Ministers have to ask MPs to approve coronavirus lockdown measures in simple unamendable “yes/no” votes in the Commons within weeks of them coming into force.
Two votes on lockdown restrictions in England are expected in the next 48 hours – one on Tuesday night on the “rule of six”, which limits gatherings to six people and came into force on September 14, and a second on Wednesday on the 10pm curfew, which has applied nationally since September 24.
While only a handful of Tory MPs are likely to rebel on the “rule of six”, dozens more are expected to try to vote down the curfew.
Rebel Conservatives – emboldened after last week forcing the Government to give MPs a veto on all future national lockdowns before they come into force – said on Monday that they could muster the necessary 43 Tory MPs to vote with Labour to overturn the Government’s 85 working majority.
One Tory MP said: “My sense is that a material number of MPs might vote against the 10pm.” Another said: “If it transpires that Labour is going to oppose it, then I would think there would be enough of us who would be inclined to vote against it.”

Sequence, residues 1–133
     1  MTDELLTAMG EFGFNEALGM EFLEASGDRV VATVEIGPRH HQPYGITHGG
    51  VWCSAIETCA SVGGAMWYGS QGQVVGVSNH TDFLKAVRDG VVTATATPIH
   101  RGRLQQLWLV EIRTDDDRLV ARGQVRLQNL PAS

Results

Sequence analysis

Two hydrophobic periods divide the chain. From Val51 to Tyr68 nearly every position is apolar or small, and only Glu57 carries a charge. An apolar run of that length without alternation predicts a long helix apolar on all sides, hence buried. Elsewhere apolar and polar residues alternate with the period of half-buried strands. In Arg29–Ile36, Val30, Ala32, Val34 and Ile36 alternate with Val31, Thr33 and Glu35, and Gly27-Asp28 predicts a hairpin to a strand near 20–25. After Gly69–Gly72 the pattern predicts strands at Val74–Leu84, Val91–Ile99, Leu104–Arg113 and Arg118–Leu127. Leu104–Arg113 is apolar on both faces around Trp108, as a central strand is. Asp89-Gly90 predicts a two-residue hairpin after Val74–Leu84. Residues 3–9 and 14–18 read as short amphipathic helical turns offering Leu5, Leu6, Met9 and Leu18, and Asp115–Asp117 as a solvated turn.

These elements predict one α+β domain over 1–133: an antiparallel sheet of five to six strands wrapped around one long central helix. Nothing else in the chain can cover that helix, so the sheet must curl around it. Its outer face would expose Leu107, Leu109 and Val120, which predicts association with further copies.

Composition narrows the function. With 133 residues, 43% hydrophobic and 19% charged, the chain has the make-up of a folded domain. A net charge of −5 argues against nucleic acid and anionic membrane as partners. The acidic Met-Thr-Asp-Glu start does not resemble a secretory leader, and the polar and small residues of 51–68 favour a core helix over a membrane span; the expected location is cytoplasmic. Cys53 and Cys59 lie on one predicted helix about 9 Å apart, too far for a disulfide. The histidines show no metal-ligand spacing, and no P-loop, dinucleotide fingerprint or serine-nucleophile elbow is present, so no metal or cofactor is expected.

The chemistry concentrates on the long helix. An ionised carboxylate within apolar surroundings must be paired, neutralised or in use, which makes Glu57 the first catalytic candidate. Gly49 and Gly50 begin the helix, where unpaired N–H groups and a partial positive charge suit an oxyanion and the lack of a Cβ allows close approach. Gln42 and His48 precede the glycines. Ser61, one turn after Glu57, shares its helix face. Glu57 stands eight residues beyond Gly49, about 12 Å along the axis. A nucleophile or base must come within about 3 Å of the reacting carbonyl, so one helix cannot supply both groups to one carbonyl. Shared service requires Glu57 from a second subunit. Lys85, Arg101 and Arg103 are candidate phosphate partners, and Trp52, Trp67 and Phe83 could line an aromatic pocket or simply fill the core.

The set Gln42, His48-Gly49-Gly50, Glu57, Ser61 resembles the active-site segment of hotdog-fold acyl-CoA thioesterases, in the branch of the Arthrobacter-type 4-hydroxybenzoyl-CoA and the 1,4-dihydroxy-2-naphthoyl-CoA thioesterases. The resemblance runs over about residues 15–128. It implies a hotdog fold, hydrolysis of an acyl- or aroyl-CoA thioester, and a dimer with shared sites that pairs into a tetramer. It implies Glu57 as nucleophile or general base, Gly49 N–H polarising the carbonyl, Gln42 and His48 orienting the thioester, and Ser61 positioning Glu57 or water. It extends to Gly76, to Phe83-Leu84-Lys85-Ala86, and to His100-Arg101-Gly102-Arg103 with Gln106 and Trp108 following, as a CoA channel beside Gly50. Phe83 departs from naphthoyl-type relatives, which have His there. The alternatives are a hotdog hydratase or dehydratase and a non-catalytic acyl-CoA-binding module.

Steve Baker, the former Brexit minister who last week acted as an unofficial whip for Tory rebels, said: “Very few members of Parliament have constituencies which will bear voting against every infringement of liberty.
“However, there is a growing consensus that neither the 10pm curfew, nor including children in the ‘rule of six’, are well evidenced. I expect quite a few members of Parliament to take issue on those two points.”
Sir Desmond Swayne, a senior Tory MP, said: “The 10pm [curfew] is a huge mistake. The virus can’t tell the time. It is just absurd to impose this across the country.”
Sir Graham Brady, who is expected to rebel, told the BBC that patience with the Government’s local lockdown restrictions is starting to “wear thin”.
On Monday, Mr Sunak said of the 10pm curfew: “Everyone is very frustrated and exhausted and tired about all of this.”